The percentages of how the baby will do often depends on what's causing the problem. My cousin's membranes leaked but with bedrest and LOTS of fluid intake, they sealed back up. I had low fluid from hypertension, and bedrest and fluid didn't really help, but then again, I didn't drop down to nothing until near term.

They have a amniotic fluid disorder bulletin board at Babycenter and the oligo moderator- Roberta- is a sweetheart. The nicest person you'd ever want to talk to. I'm sure you'll find people who have experienced the same thing, who can give you advice there. I know they helped me! They have some ladies there who have managed to amaze the doctors with how well they did. ... ns/1202046

In the meantime, hang in there! I've heard that gatorade does wonders for helping replenish fluid, especially with PROM. It's worth a try, anyway! I would check with the doctor and ask what he or she thinks is causing the problem. If it's leaky fluid, if you search for PROM, I'll bet you'll find a wealth of information. Take care and I'll be thinking about you guys.

DH Jack-30
Allie 5-13-98 (35 weeks-pre-e)
Baby Camille 4-17-03 (36 weeks- htn and oligo)

Re : loss of amniotic fluid

Posted: Thu Dec 11, 2003 12:05 am
by akemt

First may I say how sorry I am that you and your wife and baby are going through this. I was diagnosed with oligohydramnios (low fluid) and that was the hardest part of my pregnancy. So, by loss of fluid, I take it to mean that her fluid level has lowered as opposed to her membranes rupturing. Am I correct?

I would suggest reading up on IUGR (Intrauterine Growth Retardation) for more information about what can happen, though I honestly don't know if that will be more accurate or not for statistics.

What is your wife's Amniotid fluid Index (AFI)? I beleive it is considered borderline low at about 5-8 (still very low) and requiring action below that. Bedrest worked amazingly well for me and the doctors were a bit suprised so there is hope. How long has your wife been on bedrest and has it helped any? I sure hope it does. 22 weeks is very early and more time is necessary for your baby. I'm sure they've told you the risks associated with low fluid.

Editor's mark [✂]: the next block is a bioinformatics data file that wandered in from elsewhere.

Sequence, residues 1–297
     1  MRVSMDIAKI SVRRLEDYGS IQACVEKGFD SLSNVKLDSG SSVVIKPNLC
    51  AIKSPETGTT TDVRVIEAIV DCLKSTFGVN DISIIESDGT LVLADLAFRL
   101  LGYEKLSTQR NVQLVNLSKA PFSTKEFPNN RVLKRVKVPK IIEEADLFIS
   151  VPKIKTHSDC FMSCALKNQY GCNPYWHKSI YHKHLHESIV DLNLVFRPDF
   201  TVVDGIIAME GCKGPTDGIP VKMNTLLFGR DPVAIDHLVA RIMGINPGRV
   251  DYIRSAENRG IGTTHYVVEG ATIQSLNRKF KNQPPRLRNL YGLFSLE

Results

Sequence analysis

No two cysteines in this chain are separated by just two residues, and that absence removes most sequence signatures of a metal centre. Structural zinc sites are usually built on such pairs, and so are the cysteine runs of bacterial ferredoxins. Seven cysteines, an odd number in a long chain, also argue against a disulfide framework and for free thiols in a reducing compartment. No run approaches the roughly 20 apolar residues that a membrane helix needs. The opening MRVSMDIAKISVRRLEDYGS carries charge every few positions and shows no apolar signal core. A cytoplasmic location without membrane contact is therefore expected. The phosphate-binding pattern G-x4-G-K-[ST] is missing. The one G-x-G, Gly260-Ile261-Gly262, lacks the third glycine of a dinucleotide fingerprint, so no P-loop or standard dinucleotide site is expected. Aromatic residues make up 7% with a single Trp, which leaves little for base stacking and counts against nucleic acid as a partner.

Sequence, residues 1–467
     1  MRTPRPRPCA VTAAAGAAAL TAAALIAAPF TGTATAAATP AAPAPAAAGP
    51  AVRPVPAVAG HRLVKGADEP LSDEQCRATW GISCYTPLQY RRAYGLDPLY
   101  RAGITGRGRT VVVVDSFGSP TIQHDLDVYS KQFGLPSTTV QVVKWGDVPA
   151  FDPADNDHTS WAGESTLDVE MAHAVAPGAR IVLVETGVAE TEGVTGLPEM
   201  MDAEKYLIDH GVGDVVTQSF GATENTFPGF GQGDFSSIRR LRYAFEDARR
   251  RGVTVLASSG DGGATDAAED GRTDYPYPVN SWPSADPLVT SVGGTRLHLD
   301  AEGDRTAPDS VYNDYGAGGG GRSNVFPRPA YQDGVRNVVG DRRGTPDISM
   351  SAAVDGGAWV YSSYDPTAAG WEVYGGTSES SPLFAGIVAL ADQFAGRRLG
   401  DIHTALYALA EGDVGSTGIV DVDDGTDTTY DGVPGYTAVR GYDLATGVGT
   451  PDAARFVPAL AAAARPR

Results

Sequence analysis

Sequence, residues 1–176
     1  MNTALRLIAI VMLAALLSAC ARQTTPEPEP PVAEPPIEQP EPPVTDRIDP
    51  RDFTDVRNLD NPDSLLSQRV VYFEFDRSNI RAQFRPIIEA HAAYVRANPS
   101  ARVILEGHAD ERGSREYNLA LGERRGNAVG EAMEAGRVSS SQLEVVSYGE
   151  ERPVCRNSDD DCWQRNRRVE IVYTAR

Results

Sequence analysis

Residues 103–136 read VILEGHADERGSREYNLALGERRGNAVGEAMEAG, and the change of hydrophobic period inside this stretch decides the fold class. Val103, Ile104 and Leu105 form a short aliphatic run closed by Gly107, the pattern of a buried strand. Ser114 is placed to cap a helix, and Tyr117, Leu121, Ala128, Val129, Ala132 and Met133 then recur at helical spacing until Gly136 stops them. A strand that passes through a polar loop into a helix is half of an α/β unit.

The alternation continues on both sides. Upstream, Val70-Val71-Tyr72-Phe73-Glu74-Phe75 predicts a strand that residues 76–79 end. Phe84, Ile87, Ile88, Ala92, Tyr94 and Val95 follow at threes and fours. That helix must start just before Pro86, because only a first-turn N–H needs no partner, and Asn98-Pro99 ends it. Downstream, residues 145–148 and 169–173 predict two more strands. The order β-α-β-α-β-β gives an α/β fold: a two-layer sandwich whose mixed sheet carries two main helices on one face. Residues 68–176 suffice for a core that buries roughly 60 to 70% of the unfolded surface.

Please keep us updated, we are worried for all of you! Please know that we are here and feel free to ask any more of us should have an answer.

Catherine (22)
DH Britton (27)
Emma Margaret (03/02/03) 37 weeks from PIH & oligo

loss of amniotic fluid

Posted: Thu Dec 11, 2003 11:44 am
by kurt

i was hoping someone could help answer some of our concerns. my wife loss her amniotic fluid (most of it) and she's just shy of 22 weeks. she is on bedrest at the hospital. right now we are playing a waiting game, but have not gotten any positive feedback as far as the future outlook. now they're trying to prevent her from going into labor. my wife is concerned that the baby is struggling and if it survives, will likely suffer with complications. we wonder what the chances are of a baby developing normally without major problems if it continues to survive without the fluid. doctors are telling us that they really don't have any data on percentages of survival rates for children that suffered through this trauma- they have given us some info on percentages for children that are born prematurely, but our scenario is more complex. we have time to weigh the situation, but would like to absorb as much feedback as possible before having to do so. thanks for any responses,

kurt and rachel